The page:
Fear of COVID 19 and the relation to resilience, meaning in life and subjective well being - Comparison between American and Israeli health care workers

Main Article Content

Amy J. Armstrong Carolyn E. Hawley Ya Su Anat Marmor Sigal Sviri Isabella Schwartz Shimon Siri Zeev Meiner

Abstract

While COVID-19 has had a detrimental impact on most of the world's population, it has especially affected health care workers (HCWs) who are on the front lines fighting the virus. How HCWs cope with the pandemic have recently been explored. Differences across cultural and health care system settings related to fear of COVID 19 and measures of wellbeing may provide further insight to the coping mechanisms and experiences of HCWs during this worldwide pandemic. The overall subjective well-being and meaning in life scores are noticeably higher for the American participants whereas the fear of COVID and resilience scores are close in both studies, with slightly higher resilience and lower fear in the Israeli HCWs. Age, ethnicity and lower resilience were found to be significantly associated with higher fear of COVID-19 in both cohorts. In the Israeli participants, education level and life satisfaction were also associated with lower fear of COVID19 whereas in the American cohort, gender and relationship were also associated. These results suggest that albeit the cultural differences, similar mechanisms namely age and resilience, are important in coping with fear of the COVID-19 pandemic among both cohorts of HCWs. Therefore, it is important to enhance resilience in order to reduce the psychological burden of the pandemic among HCWs. This study was conducted prior to the availability of a vaccine.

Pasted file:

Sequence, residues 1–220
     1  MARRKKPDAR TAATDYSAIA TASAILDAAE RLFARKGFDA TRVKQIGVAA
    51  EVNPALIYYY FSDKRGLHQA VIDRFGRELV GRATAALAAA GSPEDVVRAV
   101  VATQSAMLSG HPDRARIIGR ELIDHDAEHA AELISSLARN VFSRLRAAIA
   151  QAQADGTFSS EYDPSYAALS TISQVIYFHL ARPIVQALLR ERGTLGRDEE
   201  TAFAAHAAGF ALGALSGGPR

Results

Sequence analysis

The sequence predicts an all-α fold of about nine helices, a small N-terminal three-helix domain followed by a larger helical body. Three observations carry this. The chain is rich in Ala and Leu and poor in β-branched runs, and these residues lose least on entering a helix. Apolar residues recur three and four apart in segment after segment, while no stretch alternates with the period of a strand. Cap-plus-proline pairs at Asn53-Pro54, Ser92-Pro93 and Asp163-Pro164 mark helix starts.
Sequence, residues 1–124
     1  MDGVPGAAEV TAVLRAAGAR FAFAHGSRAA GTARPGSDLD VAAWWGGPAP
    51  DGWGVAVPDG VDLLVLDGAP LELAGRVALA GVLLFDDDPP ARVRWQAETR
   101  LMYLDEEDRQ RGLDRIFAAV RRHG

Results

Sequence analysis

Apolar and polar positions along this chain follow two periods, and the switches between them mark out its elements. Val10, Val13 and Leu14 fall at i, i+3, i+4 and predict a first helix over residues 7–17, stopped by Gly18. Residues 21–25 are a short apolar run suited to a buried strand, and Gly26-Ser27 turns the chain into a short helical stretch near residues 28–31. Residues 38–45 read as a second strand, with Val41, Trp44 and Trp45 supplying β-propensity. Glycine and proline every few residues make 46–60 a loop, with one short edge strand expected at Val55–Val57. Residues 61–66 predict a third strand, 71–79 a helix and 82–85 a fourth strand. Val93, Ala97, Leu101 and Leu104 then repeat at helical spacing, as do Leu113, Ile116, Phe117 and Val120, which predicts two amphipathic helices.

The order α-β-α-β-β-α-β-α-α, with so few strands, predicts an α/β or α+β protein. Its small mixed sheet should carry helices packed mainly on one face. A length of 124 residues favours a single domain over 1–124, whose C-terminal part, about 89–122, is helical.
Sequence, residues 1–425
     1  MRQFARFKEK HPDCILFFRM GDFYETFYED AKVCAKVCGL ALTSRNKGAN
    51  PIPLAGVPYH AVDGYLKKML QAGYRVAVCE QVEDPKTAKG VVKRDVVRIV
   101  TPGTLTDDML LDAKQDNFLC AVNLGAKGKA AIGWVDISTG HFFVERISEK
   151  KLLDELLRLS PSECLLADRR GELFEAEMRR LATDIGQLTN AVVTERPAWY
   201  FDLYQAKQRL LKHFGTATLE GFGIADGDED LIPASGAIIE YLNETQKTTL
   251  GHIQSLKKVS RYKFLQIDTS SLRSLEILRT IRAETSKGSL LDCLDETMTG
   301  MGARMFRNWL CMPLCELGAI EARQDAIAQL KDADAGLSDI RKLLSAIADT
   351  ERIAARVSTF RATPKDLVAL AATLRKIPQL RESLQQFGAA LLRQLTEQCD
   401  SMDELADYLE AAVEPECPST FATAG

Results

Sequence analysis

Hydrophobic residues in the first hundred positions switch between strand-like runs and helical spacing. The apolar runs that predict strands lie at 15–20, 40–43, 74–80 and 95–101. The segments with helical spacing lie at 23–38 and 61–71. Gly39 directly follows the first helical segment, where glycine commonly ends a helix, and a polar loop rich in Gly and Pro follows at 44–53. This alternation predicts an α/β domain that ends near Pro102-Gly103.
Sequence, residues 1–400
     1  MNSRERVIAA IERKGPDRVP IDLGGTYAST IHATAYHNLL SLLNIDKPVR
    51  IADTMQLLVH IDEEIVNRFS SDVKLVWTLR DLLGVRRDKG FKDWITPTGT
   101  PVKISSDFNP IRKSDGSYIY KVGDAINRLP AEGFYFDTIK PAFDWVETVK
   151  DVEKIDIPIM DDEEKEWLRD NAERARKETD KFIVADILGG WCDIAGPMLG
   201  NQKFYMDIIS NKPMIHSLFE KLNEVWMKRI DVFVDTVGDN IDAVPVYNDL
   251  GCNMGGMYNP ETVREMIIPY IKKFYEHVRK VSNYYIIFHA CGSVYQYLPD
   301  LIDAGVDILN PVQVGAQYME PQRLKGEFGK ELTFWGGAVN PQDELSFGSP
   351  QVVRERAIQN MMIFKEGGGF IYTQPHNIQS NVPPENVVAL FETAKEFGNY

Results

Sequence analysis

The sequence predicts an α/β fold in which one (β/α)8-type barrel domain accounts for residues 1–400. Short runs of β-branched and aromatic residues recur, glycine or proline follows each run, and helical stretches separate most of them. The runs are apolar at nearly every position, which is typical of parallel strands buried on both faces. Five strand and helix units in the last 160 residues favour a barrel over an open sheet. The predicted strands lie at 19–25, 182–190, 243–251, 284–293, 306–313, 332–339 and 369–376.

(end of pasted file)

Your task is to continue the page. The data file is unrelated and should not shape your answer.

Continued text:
Keywords: COVID-19 pandemic, Fear of COVID-19, Health Care Workers, Resilience, Meaning in life, Satisfaction with Life

Article Details

How to Cite
ARMSTRONG, Amy J. et al. Fear of COVID 19 and the relation to resilience, meaning in life and subjective well being - Comparison between American and Israeli health care workers. Medical Research Archives, [S.l.], v. 10, n. 6, june 2022. ISSN 2375-1924. Available at: <https://esmed.org/MRA/mra/article/view/2812>. Date accessed: 17 apr. 2024. doi: https://doi.org/10.18103/mra.v10i6.2812.
Section
Research Articles

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